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Satellite images reveal fleets of empty cruise ships clustering together in Caribbean & Philippines

Satellite images have revealed fleets of empty cruise liners clustering together at sea because they are unable to drop anchor at ports.

Since the coronavirus pandemic began, few industries have been hit hard harder than the cruise industry.  

The ships are viewed as floating petri dishes and, while passengers are no longer on them, several crew members still are. 

Now, with no incoming bookings and unable to dock, many have taken to huddling together in the Atlantic, the Caribbean and the South China Sea to get out of the way of major shipping lanes. 

Satellite images have revealed empty cruise ships  huddling together to get out of the way of major shipping lanes. Pictured: Cruise ships off the coast of the Bahamas, May 2

Three groups of cruise ships, with 15 in total, are clustered together off Coco Cay and Great Stirrup Cay in the Bahamas

Three groups of cruise ships, with 15 in total, are clustered together off Coco Cay and Great Stirrup Cay in the Bahamas 

Because there are not enough traditional berths to accommodate cruise ships, many have been forced out to sea. 

Two ports, Coco Cay and Great Stirrup Cay, in the Bahamas where Royal Caribbean ship and Norwegian cruise liners, are storing vessels.

According to The Drive, the ships are in three groups – 15 in total – that are about 30 miles apart from each other. 

They have names such as Harmony of the Seas, Celebrity Edge and Azamara Pursuit. 

There are also at least 12 cruise ships, such as the MV Ruby Princess, that are sitting just off the coast of the Philippines.   

The Philippines Coast Guard says the cruise liners have to wait for clearance from the Bureau of Quarantine before they dock in Manila. 

There are currently no passengers aboard the cruise liners, but many crew members are still onboard.

As of May 5, CNN says there are more than 57,000 crew members aboard 74 cruise ships in and around US ports, the Bahamas and the Caribbean.

About a dozen cruise liners, such as the Ruby Princess, have been sitting off the coast of the Philippines (pictured)

About a dozen cruise liners, such as the Ruby Princess, have been sitting off the coast of the Philippines (pictured) 

 

Hundreds are more are stuck around the world and, because the ships can’t dock, they are unable to get home.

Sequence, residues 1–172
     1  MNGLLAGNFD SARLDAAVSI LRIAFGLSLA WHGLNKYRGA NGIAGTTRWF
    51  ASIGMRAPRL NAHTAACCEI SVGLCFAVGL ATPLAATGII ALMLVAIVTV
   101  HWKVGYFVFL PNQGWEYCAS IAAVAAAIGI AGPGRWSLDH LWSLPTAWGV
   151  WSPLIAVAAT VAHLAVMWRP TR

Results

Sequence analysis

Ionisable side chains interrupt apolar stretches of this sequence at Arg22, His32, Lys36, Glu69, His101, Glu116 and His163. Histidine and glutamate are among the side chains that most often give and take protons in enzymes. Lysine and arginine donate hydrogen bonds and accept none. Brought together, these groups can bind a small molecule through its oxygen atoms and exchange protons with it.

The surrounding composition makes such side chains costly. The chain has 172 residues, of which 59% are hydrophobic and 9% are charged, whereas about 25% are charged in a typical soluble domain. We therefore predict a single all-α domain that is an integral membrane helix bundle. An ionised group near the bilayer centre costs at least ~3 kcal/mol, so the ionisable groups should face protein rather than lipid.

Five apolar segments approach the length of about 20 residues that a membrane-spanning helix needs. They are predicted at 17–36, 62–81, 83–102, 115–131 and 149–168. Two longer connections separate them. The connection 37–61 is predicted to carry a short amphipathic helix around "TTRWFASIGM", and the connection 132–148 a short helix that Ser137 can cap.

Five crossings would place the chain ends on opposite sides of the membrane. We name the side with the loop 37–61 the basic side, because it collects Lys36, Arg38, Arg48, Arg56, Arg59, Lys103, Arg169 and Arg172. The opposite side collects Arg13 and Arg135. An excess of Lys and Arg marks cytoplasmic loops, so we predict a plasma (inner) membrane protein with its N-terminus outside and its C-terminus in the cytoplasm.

Alex Adkins, a senior stage technician on Freedom of the Seas, a Royal Caribbean ship, says he has been at sea since mid-March when last guests disembarked  

‘Since then, we’ve had no guests and we’ve just been floating off the coast of Barbados,’ Adkins, an American, told CNN.

Employees said they don’t understand why they aren’t free to leave ships if they’ve cleared 14-day quarantines.  

‘I’m hoping we don’t get forgotten about, to be honest,’ MaShawn Morton, an employee for Princess Cruises, told CNN.

‘It seems like nobody cares what’s happening to us out here.’   

Carnival Cruise Line says it plans to resume some operations in August, but Norwegian Cruise Line says there is ‘substantial doubt’ about its future.

‘We believe the ongoing effects of COVID-19 on our operations and global bookings have had, and will continue to have, a significant impact on our financial results and liquidity, and such negative impact may continue well beyond the containment of such an outbreak,’ the company’s filing on Tuesday. 

This is not the first time cruise ships have been pictured cloistered together.

Last week, cruise liners and cargo ships were forced to drop anchor off the Isle of Wight, in England, to avoid busy shipping lanes.

A spokesman for the UK’s Department for Transport confirmed that certain ships have been given higher priority due to the crisis and cruise liners are currently low priority as they are not carrying any passengers.  

Read more at DailyMail.co.uk


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